I'm currently working on applying Machine Vision methods to sign language interpretation and I'm really overwhelmed with the body of knowledge out there. I've been reading up on object recognition from various resources (Peter Corke's Robotics, Vision and Control, Richard Szeliski's Computer Vision, Algorithms and Application), but finding it hard to decide on what methods to go with, hence my question: For simplicity's sake, let's assume I just want to process an image of a hand holding up 1 finger, get my program to process the image and out "one". Do same for 2...up till five. (I know this is really simple, but will give me the direction I need before going on to more complex things). (1)What method do I need to store the original image of the hand holding up 1 finger to put in my database, which other images will be compared to? (2)What method do I to compare an inptu to what's stored in my database (Please, give me the most simple methods you know of).

Thanks in advance.


1 Answer 1


I am afraid that the question is trying to probe a very wide range of issues to receive a truly meaningful answer.

In general, this would be a classification problem. As such, you would need to decide on a number of features which would reflect the key changing characteristics of your images and a classifier which, after being trained, would be able to discriminate between your different gestures. For more information please see: http://en.wikipedia.org/wiki/Statistical_classification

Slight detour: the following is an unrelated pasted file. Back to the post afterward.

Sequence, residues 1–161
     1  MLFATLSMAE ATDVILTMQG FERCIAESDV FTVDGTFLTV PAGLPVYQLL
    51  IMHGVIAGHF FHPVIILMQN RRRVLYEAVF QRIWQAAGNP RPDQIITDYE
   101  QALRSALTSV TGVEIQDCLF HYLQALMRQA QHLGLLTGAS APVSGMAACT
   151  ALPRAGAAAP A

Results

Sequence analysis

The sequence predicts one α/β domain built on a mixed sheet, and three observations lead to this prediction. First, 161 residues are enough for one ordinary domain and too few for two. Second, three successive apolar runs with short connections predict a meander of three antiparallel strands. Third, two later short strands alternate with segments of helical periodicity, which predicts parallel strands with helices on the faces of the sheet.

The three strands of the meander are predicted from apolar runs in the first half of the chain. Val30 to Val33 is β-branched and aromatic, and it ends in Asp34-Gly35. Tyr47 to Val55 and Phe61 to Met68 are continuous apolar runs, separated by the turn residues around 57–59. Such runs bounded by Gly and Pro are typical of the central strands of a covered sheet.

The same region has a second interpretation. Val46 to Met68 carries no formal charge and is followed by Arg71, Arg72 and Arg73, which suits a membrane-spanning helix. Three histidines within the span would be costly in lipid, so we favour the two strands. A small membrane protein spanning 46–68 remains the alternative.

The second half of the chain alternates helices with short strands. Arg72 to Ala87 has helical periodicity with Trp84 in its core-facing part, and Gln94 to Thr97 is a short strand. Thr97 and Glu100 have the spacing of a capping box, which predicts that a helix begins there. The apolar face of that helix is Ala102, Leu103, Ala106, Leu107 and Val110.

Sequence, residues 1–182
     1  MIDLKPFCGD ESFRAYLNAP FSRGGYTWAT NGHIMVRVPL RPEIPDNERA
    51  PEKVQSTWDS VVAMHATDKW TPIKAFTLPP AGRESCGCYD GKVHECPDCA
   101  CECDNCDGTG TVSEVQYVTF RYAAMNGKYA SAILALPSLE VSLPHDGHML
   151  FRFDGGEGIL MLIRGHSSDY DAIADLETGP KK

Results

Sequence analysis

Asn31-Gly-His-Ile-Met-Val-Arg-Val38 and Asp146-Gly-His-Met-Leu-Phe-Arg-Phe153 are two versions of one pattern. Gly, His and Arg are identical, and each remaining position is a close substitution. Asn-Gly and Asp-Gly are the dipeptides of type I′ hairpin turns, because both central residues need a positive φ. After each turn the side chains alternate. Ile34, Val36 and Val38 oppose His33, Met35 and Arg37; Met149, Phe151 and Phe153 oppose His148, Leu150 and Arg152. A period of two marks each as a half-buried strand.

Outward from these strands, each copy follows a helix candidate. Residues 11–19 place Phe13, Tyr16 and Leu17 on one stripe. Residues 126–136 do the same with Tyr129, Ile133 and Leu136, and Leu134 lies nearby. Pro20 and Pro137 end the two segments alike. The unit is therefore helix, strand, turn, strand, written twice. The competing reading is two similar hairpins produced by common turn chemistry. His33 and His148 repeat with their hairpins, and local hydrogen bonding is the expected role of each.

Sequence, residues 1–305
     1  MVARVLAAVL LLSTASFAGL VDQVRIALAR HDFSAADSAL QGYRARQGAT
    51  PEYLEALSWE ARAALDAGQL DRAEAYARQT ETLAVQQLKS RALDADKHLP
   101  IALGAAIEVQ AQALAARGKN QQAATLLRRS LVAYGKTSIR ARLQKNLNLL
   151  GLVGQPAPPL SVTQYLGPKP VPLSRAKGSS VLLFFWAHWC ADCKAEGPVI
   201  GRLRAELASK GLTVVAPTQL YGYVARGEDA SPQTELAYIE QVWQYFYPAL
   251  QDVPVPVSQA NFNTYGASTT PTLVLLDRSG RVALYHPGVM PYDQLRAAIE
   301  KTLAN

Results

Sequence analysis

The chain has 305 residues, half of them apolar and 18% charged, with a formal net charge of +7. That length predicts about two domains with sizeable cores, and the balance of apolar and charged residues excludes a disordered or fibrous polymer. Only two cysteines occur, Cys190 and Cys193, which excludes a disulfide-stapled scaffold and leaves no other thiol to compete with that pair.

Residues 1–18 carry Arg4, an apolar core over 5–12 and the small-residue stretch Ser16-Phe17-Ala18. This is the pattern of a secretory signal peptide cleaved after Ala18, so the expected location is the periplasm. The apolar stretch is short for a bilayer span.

The issues of how many training images you need per gesture and which features and classifier, all depend on your environment and specifics of your application.

The simplest thing you can do is template matching, where you would simply compare an acquired image of a gesture with stored images of gestures. For more information please see: http://en.wikipedia.org/wiki/Template_matching

But of course, this approach is a tiny step forward. What about changing backgrounds, different pairs of hands, scaling of the objects because of different distances to the camera, slight rotations, occlusions... ? And then, once the static recognition is done, you will have to consider the version that works on uninterrupted video.

There are things you can do to deal with these issues but for robust recognition, it is likely that you will need to move to 3D data representing the movement of hands in space. (For example: http://www.sciencedirect.com/science/article/pii/S1077314210001748 ).

You can acquire 3D data in a number of ways, e.g. virtual reality gloves (please see: http://dx.doi.org/10.1109/IJCNN.1999.832699), devices such as kinect (please see: http://dx.doi.org/10.1109/ICSESS.2012.6269439) and plain simple accelerometers (please see: http://dx.doi.org/10.1109/JSEN.2011.2166953).

The simplest method to start with 3D data is the one based on accelerometers. In this case you would be working with time-series data (e.g. timestamp, acceleration vector).

Happy to amend the response if you provide more specific data about your application.


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